New Delhi: A bankrupt person would stand automatically disqualified from becoming a lawmaker once the new legislation that looks to slash the time it takes to wind up a dying company or recover dues from a defaulter is enacted.
According to a clause in the Insolvency and Bankruptcy Code, 2015, the bankrupt would stand disqualified from being appointed or acting as a public servant or being elected to any public office from the date of commencement of proceedings.
The draft legislation provides for disqualification unless exempted by the Adjudicating Authority.
But a 30-member Joint Committee of Parliament, headed by BJP’s Bhupender Yadav, has recommended not giving “discretion to the Adjudicating Authority to exempt the bankrupt from disqualifications”.
Finance Ministry officials said the government has accepted all the changes suggested by the Joint Committee, including on disqualification of the bankrupt.
The Code defines a bankrupt as “a debtor who has been adjudged as bankrupt by a bankruptcy order under section 126; or each of the partners of a firm where a bankruptcy order under section 126 has been made against a firm.”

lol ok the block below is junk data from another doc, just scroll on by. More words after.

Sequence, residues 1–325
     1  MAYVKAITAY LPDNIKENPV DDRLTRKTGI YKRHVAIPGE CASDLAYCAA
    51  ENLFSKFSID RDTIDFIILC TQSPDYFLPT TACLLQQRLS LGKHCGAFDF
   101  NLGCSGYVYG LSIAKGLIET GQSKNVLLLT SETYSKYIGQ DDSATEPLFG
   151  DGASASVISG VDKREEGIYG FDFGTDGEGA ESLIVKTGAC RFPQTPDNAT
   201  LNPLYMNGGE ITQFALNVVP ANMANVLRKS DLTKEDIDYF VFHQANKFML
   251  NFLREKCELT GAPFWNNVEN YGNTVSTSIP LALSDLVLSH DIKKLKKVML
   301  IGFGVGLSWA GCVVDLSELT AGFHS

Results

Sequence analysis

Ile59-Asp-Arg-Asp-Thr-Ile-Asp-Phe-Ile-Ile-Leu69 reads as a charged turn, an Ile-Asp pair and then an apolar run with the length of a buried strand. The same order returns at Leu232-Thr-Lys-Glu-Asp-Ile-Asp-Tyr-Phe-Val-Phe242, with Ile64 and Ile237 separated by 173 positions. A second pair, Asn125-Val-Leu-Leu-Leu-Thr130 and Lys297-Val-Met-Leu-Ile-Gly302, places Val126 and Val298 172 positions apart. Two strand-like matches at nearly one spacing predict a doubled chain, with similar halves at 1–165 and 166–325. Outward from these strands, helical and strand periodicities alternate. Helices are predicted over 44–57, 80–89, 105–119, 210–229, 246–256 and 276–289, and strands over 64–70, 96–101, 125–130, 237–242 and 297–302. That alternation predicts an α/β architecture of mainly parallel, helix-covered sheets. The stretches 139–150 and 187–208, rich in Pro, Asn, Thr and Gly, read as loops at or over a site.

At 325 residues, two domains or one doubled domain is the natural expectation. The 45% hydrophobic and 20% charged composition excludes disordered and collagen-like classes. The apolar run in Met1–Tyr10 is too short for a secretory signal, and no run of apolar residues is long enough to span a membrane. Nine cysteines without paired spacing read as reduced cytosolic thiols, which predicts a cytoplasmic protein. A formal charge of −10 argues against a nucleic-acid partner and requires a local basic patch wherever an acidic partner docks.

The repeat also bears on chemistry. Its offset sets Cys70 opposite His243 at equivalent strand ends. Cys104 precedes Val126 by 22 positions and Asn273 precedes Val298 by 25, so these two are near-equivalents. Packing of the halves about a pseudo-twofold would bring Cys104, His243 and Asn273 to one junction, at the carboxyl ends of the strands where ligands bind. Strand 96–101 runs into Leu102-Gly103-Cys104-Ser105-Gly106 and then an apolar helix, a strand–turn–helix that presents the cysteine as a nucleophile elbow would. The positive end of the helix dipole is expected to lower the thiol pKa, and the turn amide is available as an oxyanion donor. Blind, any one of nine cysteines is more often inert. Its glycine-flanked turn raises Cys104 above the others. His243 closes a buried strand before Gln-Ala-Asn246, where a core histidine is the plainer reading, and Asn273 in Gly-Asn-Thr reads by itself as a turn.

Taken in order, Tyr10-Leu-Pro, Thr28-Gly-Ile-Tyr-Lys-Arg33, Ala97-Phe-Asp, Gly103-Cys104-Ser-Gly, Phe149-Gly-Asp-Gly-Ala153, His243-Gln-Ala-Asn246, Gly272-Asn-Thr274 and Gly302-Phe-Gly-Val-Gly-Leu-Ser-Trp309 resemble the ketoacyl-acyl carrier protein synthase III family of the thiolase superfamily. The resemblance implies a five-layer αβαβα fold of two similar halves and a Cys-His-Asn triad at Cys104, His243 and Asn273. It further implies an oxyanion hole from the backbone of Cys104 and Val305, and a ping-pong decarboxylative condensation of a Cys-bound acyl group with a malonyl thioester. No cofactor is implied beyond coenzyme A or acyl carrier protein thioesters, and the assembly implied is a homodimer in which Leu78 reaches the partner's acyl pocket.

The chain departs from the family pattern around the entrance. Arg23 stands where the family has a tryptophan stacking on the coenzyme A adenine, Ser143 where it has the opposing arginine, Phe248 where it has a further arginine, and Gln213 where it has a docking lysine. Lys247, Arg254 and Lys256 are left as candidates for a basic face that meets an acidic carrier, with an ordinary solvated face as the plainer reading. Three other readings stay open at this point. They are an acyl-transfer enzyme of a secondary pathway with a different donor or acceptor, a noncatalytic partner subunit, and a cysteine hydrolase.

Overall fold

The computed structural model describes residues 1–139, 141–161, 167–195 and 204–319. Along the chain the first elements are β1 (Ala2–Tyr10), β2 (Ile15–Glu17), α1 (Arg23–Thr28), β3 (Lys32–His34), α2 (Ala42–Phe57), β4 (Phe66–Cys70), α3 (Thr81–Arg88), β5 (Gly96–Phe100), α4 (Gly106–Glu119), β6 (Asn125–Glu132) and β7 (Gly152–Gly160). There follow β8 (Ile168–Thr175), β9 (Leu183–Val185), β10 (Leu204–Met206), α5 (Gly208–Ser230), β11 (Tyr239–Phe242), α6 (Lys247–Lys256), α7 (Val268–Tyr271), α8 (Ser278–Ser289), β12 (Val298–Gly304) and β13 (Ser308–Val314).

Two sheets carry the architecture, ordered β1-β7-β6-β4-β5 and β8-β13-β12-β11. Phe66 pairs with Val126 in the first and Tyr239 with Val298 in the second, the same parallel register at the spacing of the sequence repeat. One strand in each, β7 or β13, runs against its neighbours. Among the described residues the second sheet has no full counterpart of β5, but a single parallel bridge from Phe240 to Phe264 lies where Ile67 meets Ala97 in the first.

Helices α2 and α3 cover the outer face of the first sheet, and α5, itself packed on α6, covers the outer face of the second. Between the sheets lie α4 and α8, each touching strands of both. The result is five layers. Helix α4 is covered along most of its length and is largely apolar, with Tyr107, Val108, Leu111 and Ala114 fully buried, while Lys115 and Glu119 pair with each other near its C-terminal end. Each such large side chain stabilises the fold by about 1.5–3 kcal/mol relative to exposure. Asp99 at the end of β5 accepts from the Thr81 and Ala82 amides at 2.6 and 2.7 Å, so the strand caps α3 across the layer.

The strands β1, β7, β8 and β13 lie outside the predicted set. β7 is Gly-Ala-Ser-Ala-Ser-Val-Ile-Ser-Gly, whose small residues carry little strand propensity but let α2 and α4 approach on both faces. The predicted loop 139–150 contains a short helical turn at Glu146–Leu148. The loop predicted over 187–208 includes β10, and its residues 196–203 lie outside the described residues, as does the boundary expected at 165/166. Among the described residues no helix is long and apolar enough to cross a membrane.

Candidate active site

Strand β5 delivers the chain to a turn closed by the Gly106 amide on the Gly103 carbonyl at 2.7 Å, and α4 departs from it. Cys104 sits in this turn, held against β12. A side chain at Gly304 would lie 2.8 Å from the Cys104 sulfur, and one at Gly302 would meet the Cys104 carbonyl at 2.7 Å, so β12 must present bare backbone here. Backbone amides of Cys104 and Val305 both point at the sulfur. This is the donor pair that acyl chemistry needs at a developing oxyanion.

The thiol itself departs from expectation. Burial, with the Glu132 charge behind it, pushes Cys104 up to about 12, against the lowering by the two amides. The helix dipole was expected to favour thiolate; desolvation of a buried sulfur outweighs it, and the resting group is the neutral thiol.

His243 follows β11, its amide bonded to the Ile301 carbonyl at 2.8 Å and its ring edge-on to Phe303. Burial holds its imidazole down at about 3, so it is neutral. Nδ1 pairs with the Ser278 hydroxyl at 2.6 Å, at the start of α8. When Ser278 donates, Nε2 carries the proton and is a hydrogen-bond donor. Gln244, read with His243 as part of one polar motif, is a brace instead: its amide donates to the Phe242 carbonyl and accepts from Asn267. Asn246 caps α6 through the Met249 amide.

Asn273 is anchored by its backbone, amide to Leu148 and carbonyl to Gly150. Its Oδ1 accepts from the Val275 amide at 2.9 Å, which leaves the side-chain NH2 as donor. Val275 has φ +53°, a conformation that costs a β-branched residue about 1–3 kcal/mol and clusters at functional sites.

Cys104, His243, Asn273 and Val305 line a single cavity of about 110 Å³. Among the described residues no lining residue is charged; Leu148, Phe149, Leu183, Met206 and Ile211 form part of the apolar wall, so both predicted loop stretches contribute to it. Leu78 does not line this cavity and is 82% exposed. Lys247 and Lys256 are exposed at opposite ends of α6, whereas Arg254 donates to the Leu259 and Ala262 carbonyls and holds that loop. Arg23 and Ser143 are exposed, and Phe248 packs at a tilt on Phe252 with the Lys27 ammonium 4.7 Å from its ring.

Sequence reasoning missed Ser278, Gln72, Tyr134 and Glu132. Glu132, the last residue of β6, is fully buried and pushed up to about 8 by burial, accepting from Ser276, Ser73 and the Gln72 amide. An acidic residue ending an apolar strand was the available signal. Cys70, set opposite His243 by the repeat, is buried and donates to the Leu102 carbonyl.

Once declared bankrupt, the person would stand automatically disqualified from being appointed to or acting as a trustee or representative of any trust, estate or settlement. He would also be disqualified from being elected or acting and voting as a member of any local authority.
The bankrupt cannot also serve as a director of any company.
Under the existing provisions, individuals can go to jail for failing to repay just Rs. 500. And to claim insolvency protection, companies need to wait until at least half of their value is wiped out.
The Code is expected to be taken up for consideration and passage in the ongoing session of Parliament, which ends on May 13.
The committee, which submitted report to Parliament on April 28, has suggested reduction in time window offered under different clauses to expedite the process.
The panel said that in the case of insolvency, interest of workers should be fully protected and they should be given dues for 24 months as against 12 months proposed in the Bill.
It also suggested that the time for filing an appeal in the Supreme Court against the order of the National Company Law Tribunal (NCLT) should be brought down to 45 days from the proposed 60 days. It also called for a shorter timeline reduced in a host of other clauses proposed in the Bill, which was tabled in the Lok Sabha in December last year.